At some point listening to the voices in your head might be a good idea, or my review of Lifer

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Lifer (Lifer #1)

By: Beck Nicholas

Publisher: Month9Books

Publication Date: December 19th, 2014

Format: ebook

synopsis

The Bourne Identity meets Under the Never Sky in this intergalactic tale of love and deception from debut novelist Beck Nicholas.

Asher is a Lifer, a slave aboard the spaceship Pelican. A member of the lowest rung of society, she must serve the ship’s Officials and Astronauts as punishment for her grandparents’ crimes back on Earth. The one thing that made life bearable was her illicit relationship with Samuai, a Fishie boy, but he died alongside her brother in a freak training accident.

Still grieving for the loss of her loved ones, Asher is summoned to the upper levels to wait on Lady, the head Official’s wife and Samuai’s mother. It is the perfect opportunity to gather intel for the Lifer’s brewing rebellion. There’s just one problem—the last girl who went to the upper levels never came back.

On the other side of the universe, an alien attack has left Earth in shambles and a group called The Company has taken control. Blank wakes up in a pond completely naked and with no memory, not even his real name. So when a hot girl named Megs invites him to a black-market gaming warehouse where winning means information, he doesn’t think twice about playing.

But sometimes the past is better left buried. As Asher and Blank’s worlds collide, the truth comes out—everyone has been lied to…

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review

3 star (dragon)

Going into this book, I didn’t fully understand what I was getting into. I knew it was futuristic and I knew that there was an oppressive class system in place along with some forbidden romance thrown in. This all sounded pretty excellent to me, but with a book that has its chapters equally divided between its two main characters, it is easy to say that I really, really liked half of Lifer and the other half, not so much.

We are first introduced to Asher, Lifer’s better half, and I adore her. A slave, or Lifer, who is serving out a sentence of indentured servitude that her grandparents had passed down, she is fierce and sarcastic and devoted to her family and boyfriend. She maneuvers the new situation she is in, life among the Officials, or Fishies, on the Pelican with an inner strength and a calm head, especially when faced with the unstable Lady, her ill-tempered and slightly psychotic son, Davyd, and her grope-y husband, Huckle. Beck lets her character’s growth run rampant as she faces numerable losses and faces the challenges of playing a key part in a rebellion, and it is delightful.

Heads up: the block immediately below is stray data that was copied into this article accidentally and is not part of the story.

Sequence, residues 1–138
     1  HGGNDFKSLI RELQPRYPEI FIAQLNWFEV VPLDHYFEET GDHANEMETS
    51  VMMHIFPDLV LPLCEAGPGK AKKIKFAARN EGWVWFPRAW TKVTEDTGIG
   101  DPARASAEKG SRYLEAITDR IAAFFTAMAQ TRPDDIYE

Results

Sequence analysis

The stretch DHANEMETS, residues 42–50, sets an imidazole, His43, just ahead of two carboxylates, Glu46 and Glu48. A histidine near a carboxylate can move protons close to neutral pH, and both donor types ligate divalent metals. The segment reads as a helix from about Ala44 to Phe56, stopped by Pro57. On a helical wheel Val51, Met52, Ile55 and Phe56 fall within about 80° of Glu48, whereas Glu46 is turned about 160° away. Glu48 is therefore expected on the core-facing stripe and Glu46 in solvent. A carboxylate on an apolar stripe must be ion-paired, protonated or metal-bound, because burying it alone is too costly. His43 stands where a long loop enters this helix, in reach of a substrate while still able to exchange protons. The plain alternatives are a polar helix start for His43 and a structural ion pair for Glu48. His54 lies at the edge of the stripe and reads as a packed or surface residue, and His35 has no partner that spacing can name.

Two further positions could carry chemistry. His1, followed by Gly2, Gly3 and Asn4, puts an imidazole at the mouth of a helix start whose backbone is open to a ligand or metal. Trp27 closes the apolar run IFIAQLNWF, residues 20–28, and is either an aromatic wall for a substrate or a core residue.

On the other hand we have Blank. While I imagine that Beck planned for one of the big twists of the story to be Blank’s true identity, it was obvious who the poor guy was from the beginning. So obvious that I kept having to remind myself that Blank didn’t actually remember anything and wasn’t just completely stupid. My main problem with Blank was his relationship with Megs, and that his favorite word to describe her was hot. Everything she did was hot, her actions didn’t relay to him that she was smart or capable, they just made him think she was hotter. Also, even though he doesn’t remember zilch, there is this one nagging memory at the back of his brain of some other girl who was important, but he decides to pursue things with Megs anyway. Even though he feels guilty about betraying the chick in his subconscious.

While the ending of Lifer was not what I expected, Beck’s twist was one I didn’t see coming, it was satisfying and left me wanting more. I want to see where her story is going, where Asher, especially, ends up, and if blank can stop thinking with his you-know-what.

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Disclaimer: The synopsis and cover picture were pulled from the book’s Goodreads page. Neither belong to us.

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